STRATFORD, ONT. – The Stratford Festival’s 61st season is well under way with eight plays open at four venues and a quartet of works in rehearsal or preview mode, gearing up for late July or mid-August debuts. Four plays by William Shakespeare highlight the summer-fall schedule: “Romeo and Juliet,” “The Merchant of Venice,” “Othello” and “Measure for Measure.”
The slate also includes Samuel Beckett’s modern masterpiece, “Waiting for Godot”; Sir Noel Coward’s ghostly comedy, “Blithe Spirit”; two musical revivals, “Fiddler on the Roof” and the Who’s “Tommy.” The swashbuckling “The Three Musketeers” returns in a special children’s presentation, and Anton Cimolino, newly appointed artistic director of the Festival, leads a rare production of a Friedrich Schiller play, the historical drama, “Mary Stuart,” with festival favorites Lucy Peacock and Seana McKenna, along with award-winning actor Brian Dennehy. Completing the season agenda will be a Bard spin-off, “Taking Shakespeare,” and a new Canadian play, “The Thrill,” by Judith Thompson.
Here are reviews on a diverse trio of 2013 Stratford Festival offerings:
“Romeo and Juliet”
Through Oct. 19 in the Festival Theatre.
“For now, these hot days, is the mad blood stirring.”
And so we are warned at the very beginning of Shakespeare’s definitive play about star-crossed lovers, “Romeo and Juliet,” that something bad will happen to two teenagers we meet in the province of Verona, circa 1596. Juliet, pretty, wise beyond her years, is of the Capulet family. Romeo, a Montague, is young and handsome and handy with a sword. The Capulets and the Montagues have feuded for years –they don’t speak, they fight, the fathers and sons get stern warnings from town leaders. As is often the case in these matters, no one remembers when or why the animus began.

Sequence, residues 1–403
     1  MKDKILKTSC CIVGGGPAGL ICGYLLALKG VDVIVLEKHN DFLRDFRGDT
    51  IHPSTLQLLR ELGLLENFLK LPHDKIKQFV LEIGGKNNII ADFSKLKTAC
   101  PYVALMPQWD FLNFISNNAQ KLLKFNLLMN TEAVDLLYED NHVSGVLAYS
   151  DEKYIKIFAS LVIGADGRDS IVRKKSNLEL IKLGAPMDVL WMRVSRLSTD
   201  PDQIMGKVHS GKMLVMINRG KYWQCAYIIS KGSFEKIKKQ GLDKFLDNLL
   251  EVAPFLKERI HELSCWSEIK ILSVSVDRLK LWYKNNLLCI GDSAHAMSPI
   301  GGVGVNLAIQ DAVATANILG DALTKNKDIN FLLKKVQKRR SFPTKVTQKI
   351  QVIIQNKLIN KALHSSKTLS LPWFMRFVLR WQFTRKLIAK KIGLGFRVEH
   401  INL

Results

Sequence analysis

Juliet and Romeo meet at a Capulet party, sort of across a crowded room. Romeo shouldn’t have been there, but from behind his mask he saw Juliet and, well, the rest is history. A short history, though. From first glance, to fitful wooing, to secret nuptials, to their joint deaths, five days pass. As someone says, never so much woe.
The play, of course, is a centerpiece of the Stratford Festival season. As such, it is a huge disappointment. British director Tim Carroll has mounted the production according to what he calls “original practices,” how the tale would have been staged in Shakespeare’s time, at the fabled Globe Theatre. So, lighting and set pieces are minimal, house lights remain on, costumes have a hand-me-down look, props are few, and there is some cast-audience interaction. I had no problem with any of that.
In fact, because there are few distractions or frills, some of Shakespeare’s most poetic language is again a joy to hear.
The cast is the problem. Romeo is played by Daniel Briere – no, Sabres fans, not that Daniel Briere – and overall, he is not effective. Nonchalant, emotionless at the wrong times, doltish in the late going, he’s likeable enough and brash. After that first Juliet kiss and first, furtive touch, he is believably smitten.
Historically, the role of Juliet is played by someone much older than the suggested 14. Sara Topham, sweet, quick and wise, almost convinced me she was a young teen. Almost. The 19th century actress Ellen Terry once said that by the time you understood Juliet, you were too old to play the role. Topham is excellent, though, and the age dilemma regarding Juliet is nothing new.